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5 Questions to Ask To Determine Pros and Cons of Long Term Care Insurance

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Is long term care insurance a wise purchase? You’ll need to evaluate the pros and cons of long term care insurance to come up with your own answer. Here are five questions to ask to help you determine the pros and cons of long term care insurance.

    1. Do you lead a healthy lifestyle? Believe it or not, healthy may mean you are more likely to need care. The healthiest people are often the ones that end up needing long term care assistance later in life, whereas heart problems or cancer may take the unhealthy ones sooner. One of the pros of long term care insurance for a healthy person is it can allow you to stay in your home and maintain your independence longer. This is because most policies issued today cover the cost of in-home care, which can provide someone to help with many of the activities of daily living.
    1. What does your family‘s health history look like?What is longevity and health like for your grandparents, parents, aunts, uncles and siblings? Has anyone needed care later in life? Who was there to assist them? What if they had needed care? How would it have affected the family? A pro of long term care insurance is that it reduces the burden of care that may other wise fall on loved ones.
    1. Are you willing to spend your own assets down and then become a dependent of the state, or dependent on your family, should you need care?What if you break a hip later in life? What if your mind remains fully alert, but you need help cooking, cleaning and dressing, and you do not want to move in with a family member? Who would help and how would you pay for their help? Full time long term care assistance can run $6,000 – $10,000 a month or even more if medical care is needed. If you have sufficient assets to cover this cost, then you have no need for long term care insurance.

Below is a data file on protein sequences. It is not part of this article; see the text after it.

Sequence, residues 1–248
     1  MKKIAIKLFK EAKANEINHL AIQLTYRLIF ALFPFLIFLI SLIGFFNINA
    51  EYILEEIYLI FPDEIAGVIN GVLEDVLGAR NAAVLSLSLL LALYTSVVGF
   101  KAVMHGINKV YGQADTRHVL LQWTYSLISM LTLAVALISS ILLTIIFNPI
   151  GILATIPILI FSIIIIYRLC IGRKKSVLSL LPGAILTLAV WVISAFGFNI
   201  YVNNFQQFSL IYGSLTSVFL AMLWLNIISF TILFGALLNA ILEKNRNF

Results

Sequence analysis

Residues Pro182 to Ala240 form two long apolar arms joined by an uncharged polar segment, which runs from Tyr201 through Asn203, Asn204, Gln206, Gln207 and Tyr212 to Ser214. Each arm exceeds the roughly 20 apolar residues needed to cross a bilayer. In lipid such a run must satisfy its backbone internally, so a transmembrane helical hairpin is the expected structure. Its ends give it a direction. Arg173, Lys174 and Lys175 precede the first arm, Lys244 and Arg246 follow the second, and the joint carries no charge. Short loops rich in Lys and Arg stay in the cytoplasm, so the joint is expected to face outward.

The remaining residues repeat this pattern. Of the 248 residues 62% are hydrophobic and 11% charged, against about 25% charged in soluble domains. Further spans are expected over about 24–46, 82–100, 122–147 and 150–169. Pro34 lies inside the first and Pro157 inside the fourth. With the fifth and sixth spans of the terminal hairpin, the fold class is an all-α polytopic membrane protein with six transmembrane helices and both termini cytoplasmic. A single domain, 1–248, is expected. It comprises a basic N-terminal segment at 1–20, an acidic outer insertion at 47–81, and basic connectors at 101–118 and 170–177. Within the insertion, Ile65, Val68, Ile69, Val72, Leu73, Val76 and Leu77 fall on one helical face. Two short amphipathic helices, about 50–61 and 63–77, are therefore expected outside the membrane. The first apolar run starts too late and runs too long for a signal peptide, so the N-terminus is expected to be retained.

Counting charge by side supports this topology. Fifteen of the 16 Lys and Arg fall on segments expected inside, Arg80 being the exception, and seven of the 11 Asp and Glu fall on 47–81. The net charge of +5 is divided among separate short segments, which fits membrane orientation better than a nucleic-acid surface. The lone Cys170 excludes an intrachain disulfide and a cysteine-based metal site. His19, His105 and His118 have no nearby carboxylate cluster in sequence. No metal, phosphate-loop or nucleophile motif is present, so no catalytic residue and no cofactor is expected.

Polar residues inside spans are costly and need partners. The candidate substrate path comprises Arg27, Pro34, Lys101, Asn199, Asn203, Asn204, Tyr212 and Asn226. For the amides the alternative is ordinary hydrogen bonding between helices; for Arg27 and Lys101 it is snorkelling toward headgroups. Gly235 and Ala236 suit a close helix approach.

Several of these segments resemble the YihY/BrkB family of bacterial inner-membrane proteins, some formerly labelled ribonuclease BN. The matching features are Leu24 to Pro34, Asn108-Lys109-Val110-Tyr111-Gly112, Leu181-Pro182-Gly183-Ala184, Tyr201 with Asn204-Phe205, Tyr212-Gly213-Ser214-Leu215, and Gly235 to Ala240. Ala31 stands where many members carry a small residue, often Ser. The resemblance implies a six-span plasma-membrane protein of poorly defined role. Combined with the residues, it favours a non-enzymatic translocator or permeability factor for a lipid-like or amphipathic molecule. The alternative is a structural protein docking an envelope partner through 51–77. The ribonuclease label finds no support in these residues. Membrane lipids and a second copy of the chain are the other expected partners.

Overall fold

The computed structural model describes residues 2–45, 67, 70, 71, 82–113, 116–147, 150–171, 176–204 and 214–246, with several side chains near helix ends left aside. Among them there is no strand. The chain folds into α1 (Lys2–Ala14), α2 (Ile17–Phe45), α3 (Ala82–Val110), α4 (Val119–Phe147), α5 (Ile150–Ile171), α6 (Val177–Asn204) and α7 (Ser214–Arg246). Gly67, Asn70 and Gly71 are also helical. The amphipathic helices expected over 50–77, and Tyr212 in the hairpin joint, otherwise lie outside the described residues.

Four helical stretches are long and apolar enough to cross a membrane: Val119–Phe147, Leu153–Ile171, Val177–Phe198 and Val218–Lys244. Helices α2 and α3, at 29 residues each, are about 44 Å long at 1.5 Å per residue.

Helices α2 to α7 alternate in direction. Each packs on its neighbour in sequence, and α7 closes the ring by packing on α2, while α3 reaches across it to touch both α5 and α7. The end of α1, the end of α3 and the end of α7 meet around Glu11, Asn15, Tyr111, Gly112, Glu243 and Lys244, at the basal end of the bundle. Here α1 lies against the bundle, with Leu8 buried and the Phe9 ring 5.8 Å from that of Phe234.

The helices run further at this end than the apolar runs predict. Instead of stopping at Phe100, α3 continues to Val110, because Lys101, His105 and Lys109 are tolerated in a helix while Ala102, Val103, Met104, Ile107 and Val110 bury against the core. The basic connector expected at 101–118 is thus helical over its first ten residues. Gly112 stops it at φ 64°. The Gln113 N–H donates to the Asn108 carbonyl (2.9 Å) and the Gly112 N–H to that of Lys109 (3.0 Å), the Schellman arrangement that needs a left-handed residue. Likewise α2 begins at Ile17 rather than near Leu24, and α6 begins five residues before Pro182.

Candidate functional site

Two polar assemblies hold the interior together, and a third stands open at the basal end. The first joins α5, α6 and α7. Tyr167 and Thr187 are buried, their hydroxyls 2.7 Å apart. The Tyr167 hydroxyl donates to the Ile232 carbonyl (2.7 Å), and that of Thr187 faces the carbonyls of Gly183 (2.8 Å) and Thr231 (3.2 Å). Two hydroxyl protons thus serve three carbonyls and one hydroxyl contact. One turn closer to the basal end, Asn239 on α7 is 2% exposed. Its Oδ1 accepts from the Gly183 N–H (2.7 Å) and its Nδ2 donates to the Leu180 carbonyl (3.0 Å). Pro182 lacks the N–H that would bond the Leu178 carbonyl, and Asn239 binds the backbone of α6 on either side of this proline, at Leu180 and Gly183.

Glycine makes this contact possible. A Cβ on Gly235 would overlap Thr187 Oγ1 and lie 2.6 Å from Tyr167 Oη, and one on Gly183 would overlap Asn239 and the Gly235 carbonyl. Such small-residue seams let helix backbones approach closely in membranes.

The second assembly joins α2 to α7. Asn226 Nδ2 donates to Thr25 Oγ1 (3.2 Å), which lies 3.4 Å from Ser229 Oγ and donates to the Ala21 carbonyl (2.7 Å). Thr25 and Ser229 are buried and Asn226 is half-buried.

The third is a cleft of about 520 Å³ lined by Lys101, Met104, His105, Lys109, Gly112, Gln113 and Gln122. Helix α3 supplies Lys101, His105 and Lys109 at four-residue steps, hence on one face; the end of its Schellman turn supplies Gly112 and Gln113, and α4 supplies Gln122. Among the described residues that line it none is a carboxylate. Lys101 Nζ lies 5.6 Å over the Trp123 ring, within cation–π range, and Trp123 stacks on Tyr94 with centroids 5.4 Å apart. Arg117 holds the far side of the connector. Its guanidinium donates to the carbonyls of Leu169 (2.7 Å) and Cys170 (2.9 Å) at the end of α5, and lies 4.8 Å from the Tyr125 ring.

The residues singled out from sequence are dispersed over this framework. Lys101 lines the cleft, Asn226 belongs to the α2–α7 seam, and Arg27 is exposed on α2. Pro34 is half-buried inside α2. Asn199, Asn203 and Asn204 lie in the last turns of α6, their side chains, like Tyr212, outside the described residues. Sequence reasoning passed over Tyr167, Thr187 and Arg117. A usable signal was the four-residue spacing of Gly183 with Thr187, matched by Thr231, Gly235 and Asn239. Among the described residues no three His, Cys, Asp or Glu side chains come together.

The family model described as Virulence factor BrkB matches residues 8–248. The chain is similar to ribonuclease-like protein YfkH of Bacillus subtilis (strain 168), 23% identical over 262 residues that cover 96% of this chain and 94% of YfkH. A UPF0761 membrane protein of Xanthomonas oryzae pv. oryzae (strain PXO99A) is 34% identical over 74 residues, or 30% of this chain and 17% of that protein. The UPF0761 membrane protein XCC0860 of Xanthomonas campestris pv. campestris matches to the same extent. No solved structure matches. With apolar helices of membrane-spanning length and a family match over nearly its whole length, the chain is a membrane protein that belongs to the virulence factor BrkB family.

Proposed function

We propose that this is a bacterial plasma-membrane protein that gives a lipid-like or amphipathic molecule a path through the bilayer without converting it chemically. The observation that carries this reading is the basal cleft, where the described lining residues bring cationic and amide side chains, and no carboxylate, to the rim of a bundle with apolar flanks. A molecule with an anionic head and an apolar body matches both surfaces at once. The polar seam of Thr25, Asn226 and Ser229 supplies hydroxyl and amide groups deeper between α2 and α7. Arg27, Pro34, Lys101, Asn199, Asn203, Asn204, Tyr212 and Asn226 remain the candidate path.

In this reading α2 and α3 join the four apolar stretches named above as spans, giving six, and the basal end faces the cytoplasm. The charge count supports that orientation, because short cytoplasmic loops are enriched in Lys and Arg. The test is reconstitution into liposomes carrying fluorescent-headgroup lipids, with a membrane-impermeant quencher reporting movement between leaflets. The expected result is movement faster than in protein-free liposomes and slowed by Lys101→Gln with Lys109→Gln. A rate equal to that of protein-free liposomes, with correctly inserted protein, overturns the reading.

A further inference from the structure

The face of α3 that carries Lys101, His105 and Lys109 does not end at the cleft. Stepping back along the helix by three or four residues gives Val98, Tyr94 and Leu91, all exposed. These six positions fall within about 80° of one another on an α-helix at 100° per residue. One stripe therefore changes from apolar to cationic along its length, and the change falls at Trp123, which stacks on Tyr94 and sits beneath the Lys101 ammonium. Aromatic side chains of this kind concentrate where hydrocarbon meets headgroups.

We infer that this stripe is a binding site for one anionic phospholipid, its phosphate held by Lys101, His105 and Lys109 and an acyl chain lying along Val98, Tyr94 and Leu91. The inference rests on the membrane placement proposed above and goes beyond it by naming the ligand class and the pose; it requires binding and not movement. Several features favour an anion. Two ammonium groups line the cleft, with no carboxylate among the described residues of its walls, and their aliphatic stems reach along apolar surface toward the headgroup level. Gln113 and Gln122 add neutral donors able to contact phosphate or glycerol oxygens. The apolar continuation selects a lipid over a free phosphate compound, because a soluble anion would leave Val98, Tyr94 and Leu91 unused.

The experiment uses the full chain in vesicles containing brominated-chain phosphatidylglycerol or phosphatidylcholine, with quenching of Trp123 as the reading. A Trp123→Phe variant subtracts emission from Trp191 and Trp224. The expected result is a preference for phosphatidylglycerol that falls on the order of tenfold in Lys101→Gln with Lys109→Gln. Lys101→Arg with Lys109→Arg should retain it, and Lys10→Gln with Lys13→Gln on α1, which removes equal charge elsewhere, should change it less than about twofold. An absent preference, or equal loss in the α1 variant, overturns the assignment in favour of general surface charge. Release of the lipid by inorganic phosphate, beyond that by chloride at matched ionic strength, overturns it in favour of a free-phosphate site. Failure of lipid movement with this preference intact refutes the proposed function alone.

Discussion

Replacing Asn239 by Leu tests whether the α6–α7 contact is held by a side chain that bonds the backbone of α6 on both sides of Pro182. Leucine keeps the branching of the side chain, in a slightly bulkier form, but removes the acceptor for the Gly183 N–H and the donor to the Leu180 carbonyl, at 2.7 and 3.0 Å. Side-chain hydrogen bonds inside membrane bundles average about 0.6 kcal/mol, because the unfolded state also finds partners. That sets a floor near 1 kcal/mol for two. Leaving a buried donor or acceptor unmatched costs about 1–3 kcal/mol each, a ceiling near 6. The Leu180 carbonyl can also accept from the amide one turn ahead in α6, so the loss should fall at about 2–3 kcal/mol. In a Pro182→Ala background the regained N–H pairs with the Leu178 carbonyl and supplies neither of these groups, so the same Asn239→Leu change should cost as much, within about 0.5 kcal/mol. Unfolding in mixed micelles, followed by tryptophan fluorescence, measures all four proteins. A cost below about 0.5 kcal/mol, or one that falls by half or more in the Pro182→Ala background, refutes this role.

1. Can you afford a premium that would provide you a reasonable amount of coverage?Long term care insurance has features that you can adjust. Like buying a car, you can get all the extras, and pay for them, or you can buy a base model that costs less but still provides decent transportation. The major con of long term care insurance is the same as any insurance: you may pay premiums for years and never use the coverage. You need to look at it the same way you look at any other type of insurance. After paying for homeowner’s insurance for years, are you upset that your home never burned down and that you never used your insurance?
  1. What do the long term care statistics say about how many people will need care, and how long they will need it for? According to long term care statistics “the lifetime probability of becoming disabled in at least two activities of daily living or of being cognitively impaired is 68% for people age 65 and older.” It is good to look at the statistics, but your personal odds are either zero or 100%. You either will need care or you won’t.

Summary of Pros and Cons of Long Term Care Insurance

  • The pros of long term care insurance are that it allows you to maintain your independence and reduces the financial and psychological stress that a long term care need causes a family.
  • The cons are the cost of the premiums.

Whether you buy insurance or not, you’ll want to have a plan in place so you and your family know what to do if you need care. That plan involves talking to family and friends about their ability to help, if and when help is needed.

 

 

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‘Gravity’ and the Long-Term Care Crisis


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By: Chris Orestis